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Specialized species key to safe biological control

Kia‘i Moku

Biological control saved the wiliwili trees. When a leaf-gall forming wasp showed up in Hawaii, native wiliwili trees began to decline. The pest wasp is still here, but thanks to the careful selection and introduction of a pest-specific natural enemy, a parasatiod wasp, the pest can’t do the same damage to wiliwili. FOREST and KIM STARR photos

Living creatures can be grouped as specialists or generalists based on their strategies for finding food and habitat.

Generalists thrive in a variety of conditions and eat a range of foods; specialists rely on a particular environmental condition or a food type. For example, specialist species like koalas only eat eucalyptus leaves, Kamehameha caterpillars rely on mamaki, and our iconic silverswords are found only in high-elevation alpine environments in Hawaii.

When researchers look for a biological control agent — another living species that can be used to reduce a pest — they look for specialist species. This is part of an approach that began over 40 years ago with the goal of reducing unintended impacts. It works. Since 1975, over 50 different biological control agents have been brought into Hawaii.

“There have been no unpredicted nontarget impacts in that time,” says Darcy Oishi, biological control section chief at the state Department of Agriculture. He oversees the efforts to find, test and release biological control in Hawaii.

“We worry most about specificity,” says Oishi. Host-specificity, the relationship between the pest and the natural enemy, is the creed of modern biological control. By seeking out species that have evolved to be dependent on the target host, there is less risk that the natural enemy will have unintended consequences.

A natural enemy of the pasture-invading fireweed climbs along the stem of the pest. This biological control, a caterpillar with a specialized diet of fireweed and the related cape ivy, went through extensive testing to ensure it would not cause any unanticipated impacts in Hawaii.

As new pests arrive in Hawaii (and sometimes even before), the state Department of Agriculture compiles lists of possible natural enemies, specialist species that could act to lessen the invasiveness and impacts of the pest in Hawaii. Scientists comb through the scientific literature, call and visit natural history museums, and consult with entomologists and researchers worldwide, learning what species live in close association with the pest in its native habitat.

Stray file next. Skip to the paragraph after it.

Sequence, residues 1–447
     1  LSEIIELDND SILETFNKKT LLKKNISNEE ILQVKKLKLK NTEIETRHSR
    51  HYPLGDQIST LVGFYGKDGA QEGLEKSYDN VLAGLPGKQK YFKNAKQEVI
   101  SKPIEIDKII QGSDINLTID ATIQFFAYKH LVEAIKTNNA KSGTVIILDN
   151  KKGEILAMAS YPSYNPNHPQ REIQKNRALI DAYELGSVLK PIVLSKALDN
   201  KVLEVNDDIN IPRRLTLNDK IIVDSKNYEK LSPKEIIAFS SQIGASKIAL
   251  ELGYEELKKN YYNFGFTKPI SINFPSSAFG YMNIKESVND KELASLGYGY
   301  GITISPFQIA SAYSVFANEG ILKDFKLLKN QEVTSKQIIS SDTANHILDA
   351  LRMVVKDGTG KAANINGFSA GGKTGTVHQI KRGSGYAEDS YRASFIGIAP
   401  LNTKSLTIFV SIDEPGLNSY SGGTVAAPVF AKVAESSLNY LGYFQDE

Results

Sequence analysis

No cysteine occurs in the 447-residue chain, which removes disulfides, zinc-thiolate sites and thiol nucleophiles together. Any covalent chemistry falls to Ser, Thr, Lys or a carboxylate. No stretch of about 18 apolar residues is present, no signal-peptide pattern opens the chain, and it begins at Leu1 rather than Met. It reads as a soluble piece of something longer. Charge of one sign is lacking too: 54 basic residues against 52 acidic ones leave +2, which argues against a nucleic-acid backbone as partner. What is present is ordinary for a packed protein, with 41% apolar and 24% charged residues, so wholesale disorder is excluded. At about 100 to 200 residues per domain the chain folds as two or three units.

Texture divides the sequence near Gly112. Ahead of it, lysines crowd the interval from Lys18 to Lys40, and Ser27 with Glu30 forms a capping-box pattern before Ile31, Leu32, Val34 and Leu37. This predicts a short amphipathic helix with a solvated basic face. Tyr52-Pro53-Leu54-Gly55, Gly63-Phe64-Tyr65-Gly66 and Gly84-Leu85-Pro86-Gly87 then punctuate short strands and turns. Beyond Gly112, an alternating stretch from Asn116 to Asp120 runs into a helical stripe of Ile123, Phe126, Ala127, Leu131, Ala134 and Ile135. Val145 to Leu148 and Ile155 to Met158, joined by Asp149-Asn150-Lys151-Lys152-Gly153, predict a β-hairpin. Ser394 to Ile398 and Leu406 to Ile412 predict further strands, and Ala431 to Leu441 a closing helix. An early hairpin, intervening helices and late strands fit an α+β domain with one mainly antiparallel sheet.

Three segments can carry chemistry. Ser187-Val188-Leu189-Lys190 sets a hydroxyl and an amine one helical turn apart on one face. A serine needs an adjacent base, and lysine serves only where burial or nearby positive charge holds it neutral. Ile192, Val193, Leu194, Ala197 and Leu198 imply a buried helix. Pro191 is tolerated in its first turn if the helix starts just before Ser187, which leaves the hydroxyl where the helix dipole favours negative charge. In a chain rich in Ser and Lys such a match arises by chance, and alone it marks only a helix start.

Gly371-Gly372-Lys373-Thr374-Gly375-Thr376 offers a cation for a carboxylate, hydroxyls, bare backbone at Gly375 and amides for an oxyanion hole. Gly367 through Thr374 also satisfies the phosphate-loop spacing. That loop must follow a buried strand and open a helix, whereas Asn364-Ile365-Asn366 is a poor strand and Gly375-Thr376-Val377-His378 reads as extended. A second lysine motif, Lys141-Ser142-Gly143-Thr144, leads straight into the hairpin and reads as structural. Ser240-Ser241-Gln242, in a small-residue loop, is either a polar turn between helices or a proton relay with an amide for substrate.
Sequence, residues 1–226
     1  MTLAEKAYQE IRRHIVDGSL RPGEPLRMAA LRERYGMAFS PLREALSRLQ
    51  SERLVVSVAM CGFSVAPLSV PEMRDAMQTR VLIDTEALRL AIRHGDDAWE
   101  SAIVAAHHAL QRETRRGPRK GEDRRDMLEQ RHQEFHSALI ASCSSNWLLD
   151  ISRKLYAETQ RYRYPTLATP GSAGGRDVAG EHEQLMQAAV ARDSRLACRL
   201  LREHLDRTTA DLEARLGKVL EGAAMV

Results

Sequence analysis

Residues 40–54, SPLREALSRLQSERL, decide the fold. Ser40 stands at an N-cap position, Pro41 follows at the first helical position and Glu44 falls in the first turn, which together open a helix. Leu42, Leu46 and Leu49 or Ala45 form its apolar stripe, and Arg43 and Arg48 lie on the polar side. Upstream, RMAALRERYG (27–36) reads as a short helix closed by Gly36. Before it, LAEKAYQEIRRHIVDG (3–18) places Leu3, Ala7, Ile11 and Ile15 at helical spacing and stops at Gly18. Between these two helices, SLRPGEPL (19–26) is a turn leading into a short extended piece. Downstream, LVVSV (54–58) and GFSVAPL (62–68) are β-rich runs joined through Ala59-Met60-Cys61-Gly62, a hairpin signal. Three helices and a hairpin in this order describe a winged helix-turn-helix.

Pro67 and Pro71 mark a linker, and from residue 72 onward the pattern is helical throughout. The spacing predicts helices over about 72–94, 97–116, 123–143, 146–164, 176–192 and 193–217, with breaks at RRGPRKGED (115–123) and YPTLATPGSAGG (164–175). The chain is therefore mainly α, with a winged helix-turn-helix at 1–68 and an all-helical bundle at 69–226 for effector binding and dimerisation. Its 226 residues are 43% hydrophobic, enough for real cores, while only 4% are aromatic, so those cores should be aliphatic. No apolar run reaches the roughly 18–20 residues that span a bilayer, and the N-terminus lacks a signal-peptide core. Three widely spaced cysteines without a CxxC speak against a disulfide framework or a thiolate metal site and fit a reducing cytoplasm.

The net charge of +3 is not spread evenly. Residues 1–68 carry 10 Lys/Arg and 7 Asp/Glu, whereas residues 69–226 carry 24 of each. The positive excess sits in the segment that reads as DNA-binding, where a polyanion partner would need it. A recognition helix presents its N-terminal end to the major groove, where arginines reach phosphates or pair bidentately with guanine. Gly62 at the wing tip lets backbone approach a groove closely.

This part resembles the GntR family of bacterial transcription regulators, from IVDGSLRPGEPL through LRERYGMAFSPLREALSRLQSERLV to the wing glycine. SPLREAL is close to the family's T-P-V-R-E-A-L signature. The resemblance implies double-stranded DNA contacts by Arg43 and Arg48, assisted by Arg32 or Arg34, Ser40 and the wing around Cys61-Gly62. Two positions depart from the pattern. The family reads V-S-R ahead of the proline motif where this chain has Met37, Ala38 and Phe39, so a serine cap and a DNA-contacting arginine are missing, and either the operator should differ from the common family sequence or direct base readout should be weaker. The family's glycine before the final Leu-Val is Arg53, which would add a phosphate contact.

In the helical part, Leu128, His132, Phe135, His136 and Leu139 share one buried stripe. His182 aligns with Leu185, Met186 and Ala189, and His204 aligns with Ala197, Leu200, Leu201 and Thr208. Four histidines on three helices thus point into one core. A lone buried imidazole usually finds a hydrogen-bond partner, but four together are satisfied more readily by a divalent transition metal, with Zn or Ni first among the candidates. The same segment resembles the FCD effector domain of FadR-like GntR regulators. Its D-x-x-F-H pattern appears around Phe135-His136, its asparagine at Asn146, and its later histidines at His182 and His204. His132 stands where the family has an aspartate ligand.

Exploratory entomologists then travel to the pest’s native range to collect candidates. Each potential natural enemy is studied further in its host range. After ruling out potential candidates, entomologists collect several species for additional testing.

Back in Hawaii, the biological control agents are quarantined, raised and tested again for host specificity. In a process called no-choice testing, a potential agent is evaluated throughout its life stages to see if it will eat species it is likely to encounter in Hawaii. For example, in introducing a biocontrol for a plant, the agent is isolated with other nontarget plants to find out whether any unintended plants could be affected.

Researchers evaluate host specificity by looking at genetically related species as well as unrelated species that evolved similar characteristics to the target. For example, pasture-invading fireweed is in the aster family, but the phytoalkaloid — the toxic chemical that sickens animals — is what attracts one natural enemy, a caterpillar, to the plant. The caterpillar is tested to see if it can feed on related plants in the aster family as well as those containing a similar toxic chemical.

Until the 1970s, biocontrol agents were selected primarily based on the impact they would have on the pest, an approach which has unfortunately biased people against biological control today. Since then, though, rigorous selection and testing has gone into preventing unintended consequence.

Another challenge is caused by misinformation. Some invasive pests are inaccurately equated with biological control. For example, ohia rust, a leaf fungus that threatens our native ohia, decimated populations of rose apple, leading some to inaccurately assume it was an intentional introduction. Instead, it was another of the thousands of unwanted pests that arrive in Hawaii accidentally.

Modern biological control provides long-term, cost-effective, environmentally safe control of invasive species. It’s an essential tool in protecting Hawaii from the impacts of widespread invasive species. Biological control does not eradicate a pest; it balances the equation to lessen the harm. The biological control for prickly pear cactus hasn’t eradicated it; the plant is still here, but instead of blanketing Upcountry pastures it occurs in patches. Biological control saved the wiliwili trees of Hawaii from decimation by a leaf gall wasp. The problem-causing wasp is still here but does less damage with the biological controls working to keep it contained.

Take time to learn more about biological control in Hawaii and contribute to the decision making process. Visit the Department of Land and Natural Resources biological control page at dlnr.hawaii.gov/hisc/info/biocontrol/.

* Lissa Strohecker is the public relations and education specialist for the Maui Invasive Species Committee. She holds a biological sciences degree from Montana State University. “Kia’i Moku,” “Guarding the Island,” is prepared by the Maui Invasive Species Committee to provide information on protecting the island from invasive plants and animals that can threaten the island’s environment, economy and quality of life.

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